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‘Awake at the Bedside’ is book about life, not about dying. It’s a book about caring and caregiving.


The book is a manual, filled with personal accounts, which can inspire, counsel, and teach, and shared wisdom and advice from thought leaders in the field of contemplative caregiving. The book offers resilience and support to those who keep watch at the bedside.


The book has painfully honest quotes such as “I have seen too often my colleagues pull away as a patient nears the end of their path and have seen relatives, fearful and anxious as to how to proceed.


Contributors of the collection are pioneers of palliative and end-of-life care — including doctors, spiritual teachers, poets, and caregivers, who offer insights on incredibly challenging questions such as, how to relate to dying and how to give care without becoming emotionally and spiritually depleted.


The book from the New York Zen Center for Contemplative Care can serve as a helpful guide for compassionate caregivers in fostering healing within themselves and in others.


The volume received great reviews such as “an insightful and inspirational guide for all us as we move into the inevitability, the necessity, the privilege, of holding space for those we love as they make their journey back home”, and described as one that provides guidance “to honor death with the same grace we do life”. It has been praised as a “practical support, emotional resonance, and celebration of ordinary sacredness”.


The book is full of riveting and heartwarming stories from the “who’s who” of the end-of-life-care movement, be it doctors, patients, chaplains, family members, or caregivers. It speaks of death as the journey that needs above all love, presence and listening, and argues persuasively for human compassion.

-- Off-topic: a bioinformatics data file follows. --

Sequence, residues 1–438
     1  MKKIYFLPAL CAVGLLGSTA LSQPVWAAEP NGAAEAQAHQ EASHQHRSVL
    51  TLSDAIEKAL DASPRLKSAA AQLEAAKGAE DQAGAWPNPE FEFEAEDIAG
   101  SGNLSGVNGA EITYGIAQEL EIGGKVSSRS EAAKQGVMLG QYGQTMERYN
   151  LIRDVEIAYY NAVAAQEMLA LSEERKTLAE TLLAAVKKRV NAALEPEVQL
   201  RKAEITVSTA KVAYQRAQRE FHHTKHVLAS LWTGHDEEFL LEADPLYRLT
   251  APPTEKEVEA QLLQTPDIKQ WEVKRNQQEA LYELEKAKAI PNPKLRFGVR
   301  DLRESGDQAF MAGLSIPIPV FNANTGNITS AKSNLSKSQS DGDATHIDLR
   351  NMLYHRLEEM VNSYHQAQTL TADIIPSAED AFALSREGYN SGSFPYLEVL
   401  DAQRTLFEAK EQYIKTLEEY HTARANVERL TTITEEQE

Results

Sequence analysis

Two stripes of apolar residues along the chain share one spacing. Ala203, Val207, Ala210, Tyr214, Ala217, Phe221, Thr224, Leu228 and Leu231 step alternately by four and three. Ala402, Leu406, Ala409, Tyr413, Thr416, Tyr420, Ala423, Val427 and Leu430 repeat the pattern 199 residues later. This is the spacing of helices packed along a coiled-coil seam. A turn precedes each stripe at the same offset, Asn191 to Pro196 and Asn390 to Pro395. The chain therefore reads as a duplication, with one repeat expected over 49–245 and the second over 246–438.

An indispensable resource to those who keep watch at the bedside and for anyone involved in hospice work, it is a book everyone will need at some point in their lives, when called upon to care for a loved one. It offers practical insight in how we can care for people in new ways.


It explores questions such as: What are the current practices in palliative and end-of-life care, and how might they be improved? How can we give care without becoming emotionally and spiritually depleted?


It includes a never-published essay by Elisabeth Kubler-Ross, poems by Nobel Laureate, Derek Walcott, and personal essays by seminal teachers in the field, including Ram Dass and Ira Byock.


This collection - of stories and poetry - uncovers life experiences that highlight the preciousness of time and the deep value of connection. It serves as a healing guide stacked with valuable lessons about relationship, grief, joy, and suffering.




—Dr. James R. Doty, Professor of Neurosurgery, Founder & Director, The Center for Compassion and Altruism Research and Education, Stanford University School of Medicine


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